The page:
one- and two-phase regions. He showed that the crossover Patel-Teja equation of state yields

a much better representation of the thermodynamic properties of pure fluids, especially in the

critical region and for vapour-liquid equilibrium, than the original Patel-Teja equation of

state.

Kiselev and Ely (1999) also developed a crossover modification of the statistical associating

fluid theory equation of state for macromolecular chain fluids. The crossover statistical

associating fluid theory equation of state has the same form as the cubic one of Eq. (3.103),

~ ~
but p 0 (T ) and ∆ A have the different forms because of different classical equation of state,

~ Vc
p 0 (T ) = p(T ,Vc ) (3.109)
RT

and

~ ~ ~ ~ ~ ~ ~ ~ ~ ~ ~ ~
∆ A (τ , ∆ η ) = A r (τ , ∆ η ) − A r (τ ,0) − ln( ∆ η + 1) + ∆ η p 0 (τ ) (3.110)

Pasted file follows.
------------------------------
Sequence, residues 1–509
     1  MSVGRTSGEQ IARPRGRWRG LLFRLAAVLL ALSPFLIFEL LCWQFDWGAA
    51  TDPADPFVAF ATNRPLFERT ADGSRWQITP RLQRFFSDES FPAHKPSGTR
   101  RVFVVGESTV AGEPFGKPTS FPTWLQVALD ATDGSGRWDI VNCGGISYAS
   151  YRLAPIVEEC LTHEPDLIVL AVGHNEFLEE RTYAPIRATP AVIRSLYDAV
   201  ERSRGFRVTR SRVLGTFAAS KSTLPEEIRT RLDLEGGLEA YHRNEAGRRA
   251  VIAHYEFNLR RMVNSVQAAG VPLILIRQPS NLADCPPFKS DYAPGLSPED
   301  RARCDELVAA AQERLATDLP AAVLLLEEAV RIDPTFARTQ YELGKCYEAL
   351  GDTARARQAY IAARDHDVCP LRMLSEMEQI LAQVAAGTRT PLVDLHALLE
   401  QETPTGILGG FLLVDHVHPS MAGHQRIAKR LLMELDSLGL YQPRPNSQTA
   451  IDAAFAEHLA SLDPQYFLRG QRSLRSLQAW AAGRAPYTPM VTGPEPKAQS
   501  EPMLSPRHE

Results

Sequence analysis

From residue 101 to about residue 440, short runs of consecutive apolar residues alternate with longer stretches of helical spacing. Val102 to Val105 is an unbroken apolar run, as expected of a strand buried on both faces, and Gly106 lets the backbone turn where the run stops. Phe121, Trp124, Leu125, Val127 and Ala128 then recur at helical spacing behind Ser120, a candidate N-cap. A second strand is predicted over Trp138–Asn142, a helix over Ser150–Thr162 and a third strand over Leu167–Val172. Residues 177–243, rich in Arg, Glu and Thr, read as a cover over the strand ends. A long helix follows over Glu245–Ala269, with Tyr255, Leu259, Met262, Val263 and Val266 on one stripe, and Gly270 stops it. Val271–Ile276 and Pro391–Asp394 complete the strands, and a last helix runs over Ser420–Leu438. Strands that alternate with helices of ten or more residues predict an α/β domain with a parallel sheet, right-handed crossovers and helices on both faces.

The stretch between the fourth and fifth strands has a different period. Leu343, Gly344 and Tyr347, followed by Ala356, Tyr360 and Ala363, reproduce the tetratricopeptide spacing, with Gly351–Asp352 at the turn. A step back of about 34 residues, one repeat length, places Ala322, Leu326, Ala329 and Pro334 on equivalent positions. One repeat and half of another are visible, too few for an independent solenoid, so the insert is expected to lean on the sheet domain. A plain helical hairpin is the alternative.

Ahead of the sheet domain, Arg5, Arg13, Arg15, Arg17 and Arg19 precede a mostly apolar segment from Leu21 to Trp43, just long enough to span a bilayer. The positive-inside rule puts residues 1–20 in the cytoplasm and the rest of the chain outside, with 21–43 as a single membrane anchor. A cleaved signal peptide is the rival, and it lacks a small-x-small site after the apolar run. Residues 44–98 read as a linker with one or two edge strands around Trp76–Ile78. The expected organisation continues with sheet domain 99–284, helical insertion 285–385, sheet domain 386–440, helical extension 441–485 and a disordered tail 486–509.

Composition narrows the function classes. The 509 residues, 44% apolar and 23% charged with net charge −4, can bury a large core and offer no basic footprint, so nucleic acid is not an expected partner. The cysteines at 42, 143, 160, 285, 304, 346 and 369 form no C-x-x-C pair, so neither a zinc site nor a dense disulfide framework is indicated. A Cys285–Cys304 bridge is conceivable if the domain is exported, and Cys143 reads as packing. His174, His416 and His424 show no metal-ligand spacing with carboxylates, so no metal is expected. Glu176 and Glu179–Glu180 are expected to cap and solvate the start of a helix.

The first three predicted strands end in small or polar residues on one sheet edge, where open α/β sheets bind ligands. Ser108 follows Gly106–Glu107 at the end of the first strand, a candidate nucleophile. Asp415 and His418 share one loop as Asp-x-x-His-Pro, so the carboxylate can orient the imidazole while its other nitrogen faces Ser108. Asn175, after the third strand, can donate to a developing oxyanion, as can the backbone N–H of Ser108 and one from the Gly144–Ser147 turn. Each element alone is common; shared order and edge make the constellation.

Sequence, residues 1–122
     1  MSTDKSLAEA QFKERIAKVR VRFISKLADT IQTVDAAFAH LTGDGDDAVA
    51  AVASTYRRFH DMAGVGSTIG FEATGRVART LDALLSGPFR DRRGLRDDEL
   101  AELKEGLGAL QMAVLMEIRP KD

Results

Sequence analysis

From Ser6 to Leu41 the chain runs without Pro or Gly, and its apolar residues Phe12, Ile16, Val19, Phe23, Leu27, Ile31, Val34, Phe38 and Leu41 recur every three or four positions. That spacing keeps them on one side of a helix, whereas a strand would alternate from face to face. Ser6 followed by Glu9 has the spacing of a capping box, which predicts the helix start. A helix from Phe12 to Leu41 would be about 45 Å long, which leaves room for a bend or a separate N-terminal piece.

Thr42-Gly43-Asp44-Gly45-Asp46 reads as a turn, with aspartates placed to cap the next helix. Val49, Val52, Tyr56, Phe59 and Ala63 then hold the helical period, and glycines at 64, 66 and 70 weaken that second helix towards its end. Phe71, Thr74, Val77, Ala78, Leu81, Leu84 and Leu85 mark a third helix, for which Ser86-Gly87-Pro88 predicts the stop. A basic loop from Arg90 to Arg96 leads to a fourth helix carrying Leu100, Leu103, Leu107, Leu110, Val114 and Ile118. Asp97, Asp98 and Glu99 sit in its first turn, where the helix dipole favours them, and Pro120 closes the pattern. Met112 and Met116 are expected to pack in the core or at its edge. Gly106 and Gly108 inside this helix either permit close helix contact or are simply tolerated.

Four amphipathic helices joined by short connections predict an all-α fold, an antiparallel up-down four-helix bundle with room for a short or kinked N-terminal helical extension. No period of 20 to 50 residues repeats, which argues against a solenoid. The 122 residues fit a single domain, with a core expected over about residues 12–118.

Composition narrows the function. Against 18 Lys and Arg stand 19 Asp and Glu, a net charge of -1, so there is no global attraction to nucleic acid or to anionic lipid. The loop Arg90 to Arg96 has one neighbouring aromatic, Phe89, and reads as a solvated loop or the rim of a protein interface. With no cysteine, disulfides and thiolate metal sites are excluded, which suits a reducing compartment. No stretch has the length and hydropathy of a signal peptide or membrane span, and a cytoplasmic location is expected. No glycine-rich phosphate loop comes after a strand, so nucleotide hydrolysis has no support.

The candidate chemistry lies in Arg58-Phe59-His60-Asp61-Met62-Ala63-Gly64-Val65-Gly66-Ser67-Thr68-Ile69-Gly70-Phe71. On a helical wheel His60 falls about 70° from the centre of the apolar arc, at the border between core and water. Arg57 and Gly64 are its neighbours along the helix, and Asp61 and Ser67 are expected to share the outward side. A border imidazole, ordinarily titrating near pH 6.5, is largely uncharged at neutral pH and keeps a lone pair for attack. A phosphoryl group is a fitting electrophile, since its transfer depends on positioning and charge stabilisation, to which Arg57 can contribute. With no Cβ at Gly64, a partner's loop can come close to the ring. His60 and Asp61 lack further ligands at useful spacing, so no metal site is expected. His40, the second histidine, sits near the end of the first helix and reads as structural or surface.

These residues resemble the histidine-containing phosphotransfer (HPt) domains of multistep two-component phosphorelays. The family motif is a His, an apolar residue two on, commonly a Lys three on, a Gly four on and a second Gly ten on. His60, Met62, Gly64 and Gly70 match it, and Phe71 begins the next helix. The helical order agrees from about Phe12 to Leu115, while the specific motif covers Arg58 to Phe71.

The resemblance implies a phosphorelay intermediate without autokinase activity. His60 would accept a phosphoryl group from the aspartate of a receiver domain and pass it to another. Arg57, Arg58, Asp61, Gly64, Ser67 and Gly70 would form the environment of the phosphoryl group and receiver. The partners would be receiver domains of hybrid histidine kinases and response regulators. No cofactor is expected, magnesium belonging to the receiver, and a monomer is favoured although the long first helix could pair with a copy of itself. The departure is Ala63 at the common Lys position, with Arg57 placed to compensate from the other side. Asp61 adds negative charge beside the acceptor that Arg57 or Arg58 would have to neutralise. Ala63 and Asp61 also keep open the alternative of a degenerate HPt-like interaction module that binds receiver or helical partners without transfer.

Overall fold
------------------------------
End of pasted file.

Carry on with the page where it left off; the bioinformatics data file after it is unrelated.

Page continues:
~
where Ar is the dimensionless residual part of the Helmholtz energy.

98
Kiselev and Ely (1999) compared the crossover statistical associating fluid theory and

original equation of state with experimental single -phase data for n-triacontane and n-

tetracontane. The results show that the crossover statistical associating fluid theory equation

of state reproduces the saturated pressure data in the entire temperature range from the triple

point to the critical temperature with an average absolute deviation of about 3.8%, the

saturated liquid densities with an average absolute deviation of about 1.5%, the saturated

vapour densities with an average absolute deviation of about 3.4%, and gives a much be tter

representation of the experimental values of pressure and the liquid density in the critical

region.

Wyczalkowska et al. (1999) also developed a global crossover equation of state to show how

the density fluctuations affect all thermodynamic properties more and more significantly

when the fluid approaches the critical point.